This calculation is based on a hypothetical portfolio comprising companies of the MSCI ACWI Investable Markets Index (IMI), representing over 8,300 large-, mid- and small-cap companies with available climate-change data across developed and emerging markets, as of Nov. 30, 2020. The data for the warming pathways is provided by Climate Action Tracker’s Global Emissions Time Series dataset. Source: Climate Analytics, NewClimate Institute, MSCI ESG Research.

The informative image links to Trend 1, learn more. 


#2 - Beyond Boom and Bust: ESG Investment Finds Its Footing

New Findings and Tools Replace ‘Belief’ (or not) in ESG Assets Allocated to ESG

Assets allocated to ESG investments have boomed in recent years.1 While some may fear that accelerating allocations could lead to frothy valuations, research so far suggests this is mostly unwarranted. In 2021, we see both hype and skepticism about ESG giving way to a more nuanced understanding of when and how ESG has shown pecuniary benefits — and when it hasn’t.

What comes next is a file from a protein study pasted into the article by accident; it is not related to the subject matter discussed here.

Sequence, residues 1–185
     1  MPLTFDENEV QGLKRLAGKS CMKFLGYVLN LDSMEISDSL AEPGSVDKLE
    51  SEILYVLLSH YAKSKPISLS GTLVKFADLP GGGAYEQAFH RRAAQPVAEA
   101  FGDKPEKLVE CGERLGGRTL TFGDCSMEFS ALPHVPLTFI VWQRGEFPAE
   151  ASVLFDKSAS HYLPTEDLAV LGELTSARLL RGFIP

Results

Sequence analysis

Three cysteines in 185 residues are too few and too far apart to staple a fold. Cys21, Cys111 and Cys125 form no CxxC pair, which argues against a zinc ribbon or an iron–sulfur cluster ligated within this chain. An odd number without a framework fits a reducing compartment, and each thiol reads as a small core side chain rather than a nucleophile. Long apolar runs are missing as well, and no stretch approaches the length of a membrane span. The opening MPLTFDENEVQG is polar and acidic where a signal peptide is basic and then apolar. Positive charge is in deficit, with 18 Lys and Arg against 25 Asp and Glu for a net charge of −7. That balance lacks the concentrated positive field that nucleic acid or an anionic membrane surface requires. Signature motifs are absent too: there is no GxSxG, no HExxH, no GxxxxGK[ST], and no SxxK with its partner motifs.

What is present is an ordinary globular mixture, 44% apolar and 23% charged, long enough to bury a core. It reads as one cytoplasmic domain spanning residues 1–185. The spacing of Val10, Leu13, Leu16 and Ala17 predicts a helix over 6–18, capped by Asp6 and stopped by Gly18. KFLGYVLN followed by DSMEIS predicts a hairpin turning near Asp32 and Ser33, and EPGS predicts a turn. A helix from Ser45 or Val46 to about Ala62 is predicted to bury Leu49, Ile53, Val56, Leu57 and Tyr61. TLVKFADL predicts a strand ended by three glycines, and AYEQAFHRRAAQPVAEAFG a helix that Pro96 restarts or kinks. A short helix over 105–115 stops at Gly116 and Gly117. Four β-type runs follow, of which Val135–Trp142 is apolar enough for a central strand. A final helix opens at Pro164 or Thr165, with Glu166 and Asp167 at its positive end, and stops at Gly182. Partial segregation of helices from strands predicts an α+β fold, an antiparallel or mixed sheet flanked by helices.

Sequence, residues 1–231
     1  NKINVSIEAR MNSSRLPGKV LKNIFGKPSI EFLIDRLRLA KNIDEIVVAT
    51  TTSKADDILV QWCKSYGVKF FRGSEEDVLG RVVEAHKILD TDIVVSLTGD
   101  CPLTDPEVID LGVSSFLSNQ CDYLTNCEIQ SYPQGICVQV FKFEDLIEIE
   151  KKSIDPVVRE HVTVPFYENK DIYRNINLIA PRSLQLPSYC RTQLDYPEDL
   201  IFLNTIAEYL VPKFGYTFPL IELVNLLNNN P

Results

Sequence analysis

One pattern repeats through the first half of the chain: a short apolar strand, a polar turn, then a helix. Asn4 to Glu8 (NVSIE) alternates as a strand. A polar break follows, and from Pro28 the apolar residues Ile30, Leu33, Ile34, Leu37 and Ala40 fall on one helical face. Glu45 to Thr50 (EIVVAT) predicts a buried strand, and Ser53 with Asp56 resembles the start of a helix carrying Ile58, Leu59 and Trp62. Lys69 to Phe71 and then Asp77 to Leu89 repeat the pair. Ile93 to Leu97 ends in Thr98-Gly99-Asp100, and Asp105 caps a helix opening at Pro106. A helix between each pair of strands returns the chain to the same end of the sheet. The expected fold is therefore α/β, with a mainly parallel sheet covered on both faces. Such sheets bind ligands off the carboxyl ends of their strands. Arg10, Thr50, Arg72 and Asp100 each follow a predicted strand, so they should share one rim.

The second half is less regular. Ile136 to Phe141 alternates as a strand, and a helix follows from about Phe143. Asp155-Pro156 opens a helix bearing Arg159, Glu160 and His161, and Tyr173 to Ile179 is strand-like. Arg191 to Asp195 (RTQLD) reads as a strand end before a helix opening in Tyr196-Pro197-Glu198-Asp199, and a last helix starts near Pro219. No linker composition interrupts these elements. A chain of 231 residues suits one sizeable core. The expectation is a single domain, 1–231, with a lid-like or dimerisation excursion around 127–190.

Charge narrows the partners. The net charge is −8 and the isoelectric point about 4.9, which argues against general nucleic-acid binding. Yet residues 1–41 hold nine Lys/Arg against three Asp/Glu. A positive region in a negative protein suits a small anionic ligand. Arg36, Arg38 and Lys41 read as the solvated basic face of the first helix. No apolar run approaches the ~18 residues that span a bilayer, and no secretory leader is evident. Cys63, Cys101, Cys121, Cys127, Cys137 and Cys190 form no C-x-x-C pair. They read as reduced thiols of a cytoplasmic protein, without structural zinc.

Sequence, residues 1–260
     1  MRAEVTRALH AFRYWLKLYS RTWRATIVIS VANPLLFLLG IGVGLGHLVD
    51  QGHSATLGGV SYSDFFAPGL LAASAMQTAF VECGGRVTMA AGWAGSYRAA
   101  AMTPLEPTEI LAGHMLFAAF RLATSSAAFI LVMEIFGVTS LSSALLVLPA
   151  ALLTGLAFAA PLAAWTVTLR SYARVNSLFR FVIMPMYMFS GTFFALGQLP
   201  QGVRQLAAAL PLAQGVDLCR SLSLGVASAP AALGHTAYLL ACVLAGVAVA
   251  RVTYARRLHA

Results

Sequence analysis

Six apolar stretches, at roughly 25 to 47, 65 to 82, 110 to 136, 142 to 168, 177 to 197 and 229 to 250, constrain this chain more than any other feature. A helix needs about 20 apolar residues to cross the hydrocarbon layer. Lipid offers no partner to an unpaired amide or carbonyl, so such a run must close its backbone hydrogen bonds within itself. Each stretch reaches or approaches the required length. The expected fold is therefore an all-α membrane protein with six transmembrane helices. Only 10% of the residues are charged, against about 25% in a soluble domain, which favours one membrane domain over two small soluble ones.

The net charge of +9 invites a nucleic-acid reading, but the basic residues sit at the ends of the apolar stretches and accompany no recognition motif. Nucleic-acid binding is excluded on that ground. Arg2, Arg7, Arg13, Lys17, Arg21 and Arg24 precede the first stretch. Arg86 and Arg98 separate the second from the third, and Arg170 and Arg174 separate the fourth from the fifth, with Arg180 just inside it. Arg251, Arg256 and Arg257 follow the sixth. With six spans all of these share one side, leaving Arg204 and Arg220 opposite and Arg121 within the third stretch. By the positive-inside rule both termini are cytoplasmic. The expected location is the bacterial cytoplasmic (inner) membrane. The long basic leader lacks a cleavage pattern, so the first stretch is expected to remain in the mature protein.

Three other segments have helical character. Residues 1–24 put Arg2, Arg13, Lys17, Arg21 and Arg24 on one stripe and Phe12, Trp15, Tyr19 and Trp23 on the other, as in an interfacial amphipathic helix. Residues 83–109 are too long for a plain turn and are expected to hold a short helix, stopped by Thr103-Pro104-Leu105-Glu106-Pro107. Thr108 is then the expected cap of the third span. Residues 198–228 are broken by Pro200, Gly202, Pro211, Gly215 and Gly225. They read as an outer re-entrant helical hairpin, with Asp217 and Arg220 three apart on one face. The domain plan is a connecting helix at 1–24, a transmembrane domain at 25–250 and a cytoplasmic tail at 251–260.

For starters, ESG investing is not another stock bubble. Below we see how the top third (T3), middle third (T2) and bottom third (T1) of companies in the MSCI ACWI Index, sorted by MSCI ESG Ratings, performed over a seven-year period. We found that the top third outperformed their peers due to higher earnings growth at the higher-rated companies while the middle third’s performance was attributable largely to higher reinvestment returns from dividend payouts and share buybacks.

Data for constituents of the MSCI ACWI Index from May 31, 2013, to Nov. 30, 2020.